Good art and science are rarely paired enough. So when you’re scouring the science section at Brilliant Books and run into a volume entitled, The Where, the Why, and the How: 75 Artists Illustrate Wondrous Mysteries of Science, you kinda have to buy it.
I know I did and I was apparently not the only one. I was told that they kept selling out and the copy I bought had only been on the shelf for an hour.
Inside these covers are a beautiful match of science education and art. Each chapter is based on a question (seventy-five in all) that covers the spectrum of the origins of life to the mundane fascination with yawns. For example:
- What existed before the Big Bang?
- Why do we hiccup?
- How much can parasites change the social habits of their host?
- Do squirrels remember where they bury their nuts?
- What triggers puberty?
- Why do placebos work?
- Why do we blush?
- Why do we fall for optical illusions?
- How do cells talk to each other?
- Are there more than three dimensions?
Each response is written by a scientist in the field who is paired with a fantastic illustrator who can capture the subject. While these are obviously not complete answers, they are enough to get any child or adult to want to look further. Both art and science explore the reality of life, and in The Where, the Why, and The How they are an energetic team that connects with the reader with every turn of the page. Below are a few examples of what you’d find inside.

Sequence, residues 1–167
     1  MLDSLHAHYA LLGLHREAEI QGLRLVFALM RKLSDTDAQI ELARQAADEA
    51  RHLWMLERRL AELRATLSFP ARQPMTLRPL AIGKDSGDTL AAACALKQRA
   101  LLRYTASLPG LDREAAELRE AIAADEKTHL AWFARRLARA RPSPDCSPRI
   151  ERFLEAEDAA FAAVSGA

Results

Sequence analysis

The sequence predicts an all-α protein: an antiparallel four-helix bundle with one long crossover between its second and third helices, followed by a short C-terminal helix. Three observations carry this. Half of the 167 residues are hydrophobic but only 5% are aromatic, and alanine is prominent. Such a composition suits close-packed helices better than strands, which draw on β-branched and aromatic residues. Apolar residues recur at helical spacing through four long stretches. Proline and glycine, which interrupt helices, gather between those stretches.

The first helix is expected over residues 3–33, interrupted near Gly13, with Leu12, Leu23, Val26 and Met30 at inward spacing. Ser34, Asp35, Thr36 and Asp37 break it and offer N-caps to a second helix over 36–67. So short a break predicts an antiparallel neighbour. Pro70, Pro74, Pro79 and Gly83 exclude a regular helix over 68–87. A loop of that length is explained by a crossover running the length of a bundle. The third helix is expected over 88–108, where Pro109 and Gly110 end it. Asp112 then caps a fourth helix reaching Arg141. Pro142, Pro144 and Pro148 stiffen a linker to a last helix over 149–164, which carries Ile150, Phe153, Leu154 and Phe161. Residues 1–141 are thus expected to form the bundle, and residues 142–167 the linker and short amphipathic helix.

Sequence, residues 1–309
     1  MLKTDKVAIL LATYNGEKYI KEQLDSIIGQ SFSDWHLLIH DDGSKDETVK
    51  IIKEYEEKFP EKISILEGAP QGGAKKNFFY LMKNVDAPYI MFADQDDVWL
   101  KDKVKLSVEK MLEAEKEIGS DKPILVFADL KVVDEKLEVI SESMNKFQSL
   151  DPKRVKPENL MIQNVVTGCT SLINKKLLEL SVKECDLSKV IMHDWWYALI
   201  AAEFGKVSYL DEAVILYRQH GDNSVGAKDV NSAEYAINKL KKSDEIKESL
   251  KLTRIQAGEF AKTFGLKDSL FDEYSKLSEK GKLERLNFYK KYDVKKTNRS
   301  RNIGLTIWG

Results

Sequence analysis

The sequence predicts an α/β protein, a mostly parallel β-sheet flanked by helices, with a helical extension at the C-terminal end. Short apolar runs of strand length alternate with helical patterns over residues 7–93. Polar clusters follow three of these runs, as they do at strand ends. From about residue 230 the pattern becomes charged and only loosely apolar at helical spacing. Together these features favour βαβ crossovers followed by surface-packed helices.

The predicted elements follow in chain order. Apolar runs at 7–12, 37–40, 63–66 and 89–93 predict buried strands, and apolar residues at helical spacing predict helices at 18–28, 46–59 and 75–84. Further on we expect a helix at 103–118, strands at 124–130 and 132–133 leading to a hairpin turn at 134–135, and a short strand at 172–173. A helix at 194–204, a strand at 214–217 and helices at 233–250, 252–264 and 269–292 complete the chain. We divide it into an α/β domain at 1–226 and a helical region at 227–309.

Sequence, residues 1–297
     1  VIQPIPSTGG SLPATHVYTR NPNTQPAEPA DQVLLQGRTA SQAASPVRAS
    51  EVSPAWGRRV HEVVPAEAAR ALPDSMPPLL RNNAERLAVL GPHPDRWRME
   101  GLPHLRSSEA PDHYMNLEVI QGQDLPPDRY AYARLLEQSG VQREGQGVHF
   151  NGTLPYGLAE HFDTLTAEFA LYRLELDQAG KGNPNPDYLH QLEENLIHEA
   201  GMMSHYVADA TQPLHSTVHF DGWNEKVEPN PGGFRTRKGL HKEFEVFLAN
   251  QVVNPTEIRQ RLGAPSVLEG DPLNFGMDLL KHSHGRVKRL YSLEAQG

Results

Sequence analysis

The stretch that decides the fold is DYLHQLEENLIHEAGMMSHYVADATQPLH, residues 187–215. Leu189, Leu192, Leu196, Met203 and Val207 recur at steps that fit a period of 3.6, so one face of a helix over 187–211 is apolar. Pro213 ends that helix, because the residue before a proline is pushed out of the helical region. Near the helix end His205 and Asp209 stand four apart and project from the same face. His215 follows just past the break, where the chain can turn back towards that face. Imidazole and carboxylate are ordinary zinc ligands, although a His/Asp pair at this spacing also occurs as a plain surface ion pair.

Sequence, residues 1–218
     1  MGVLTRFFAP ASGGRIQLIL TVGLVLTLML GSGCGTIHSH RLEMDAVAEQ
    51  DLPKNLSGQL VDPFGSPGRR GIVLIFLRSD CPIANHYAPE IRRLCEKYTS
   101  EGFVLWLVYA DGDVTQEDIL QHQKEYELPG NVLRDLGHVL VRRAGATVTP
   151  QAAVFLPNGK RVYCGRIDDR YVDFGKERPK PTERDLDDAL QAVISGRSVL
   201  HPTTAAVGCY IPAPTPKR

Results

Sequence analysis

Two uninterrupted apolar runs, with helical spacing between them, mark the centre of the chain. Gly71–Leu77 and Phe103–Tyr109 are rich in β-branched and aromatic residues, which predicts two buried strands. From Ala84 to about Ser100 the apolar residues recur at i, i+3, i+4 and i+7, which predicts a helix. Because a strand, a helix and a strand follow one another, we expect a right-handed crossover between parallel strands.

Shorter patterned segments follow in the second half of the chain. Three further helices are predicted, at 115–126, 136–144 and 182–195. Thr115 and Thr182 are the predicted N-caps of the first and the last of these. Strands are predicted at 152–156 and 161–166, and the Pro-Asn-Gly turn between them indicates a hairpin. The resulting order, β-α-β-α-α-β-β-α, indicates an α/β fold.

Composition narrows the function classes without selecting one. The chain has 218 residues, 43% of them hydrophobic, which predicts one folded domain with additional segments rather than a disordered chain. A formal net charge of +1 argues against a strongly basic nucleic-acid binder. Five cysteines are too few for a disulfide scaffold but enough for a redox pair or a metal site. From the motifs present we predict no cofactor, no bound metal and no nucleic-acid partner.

What does “chickadee” mean to a “Chickadee?”
The chickadee, one of our commonest backyard birds, may have one of the most interesting of animal languages. Its simply chickadee call is used as an alarm—and the number of “dees” in the chickadee call gives the size of the predator….
Do immortal creatures exist?
…Recently, scientists discovered a spore that was about 250 million years old within a salt crystal…
What is dark energy?
…A recent survey of more than 200,000 galaxies appears to confirm the existence of this mysterious energy…it is estimated that 73 percent of the universe is made up of dark energy…
Why do we age?
…evolution is a powerful force, but it acts to guarantee the transmission of genetic material by reproduction, rather than to preserve our individual lifespans…
How long can trees live?
…In the White Mountains of California, bristlecone pines more than 4,800 years old definitely look the part, with gnarled and contorted trunks…
NOTE: Periodically, we will be reintroducing relevant book reviews from our previous blog, The Discarded Image. In the spirit of celebrating science, above is a review of The Where, the Why, and the How, which came out in 2014 and is a masterful teaming up of scientists and illustrators.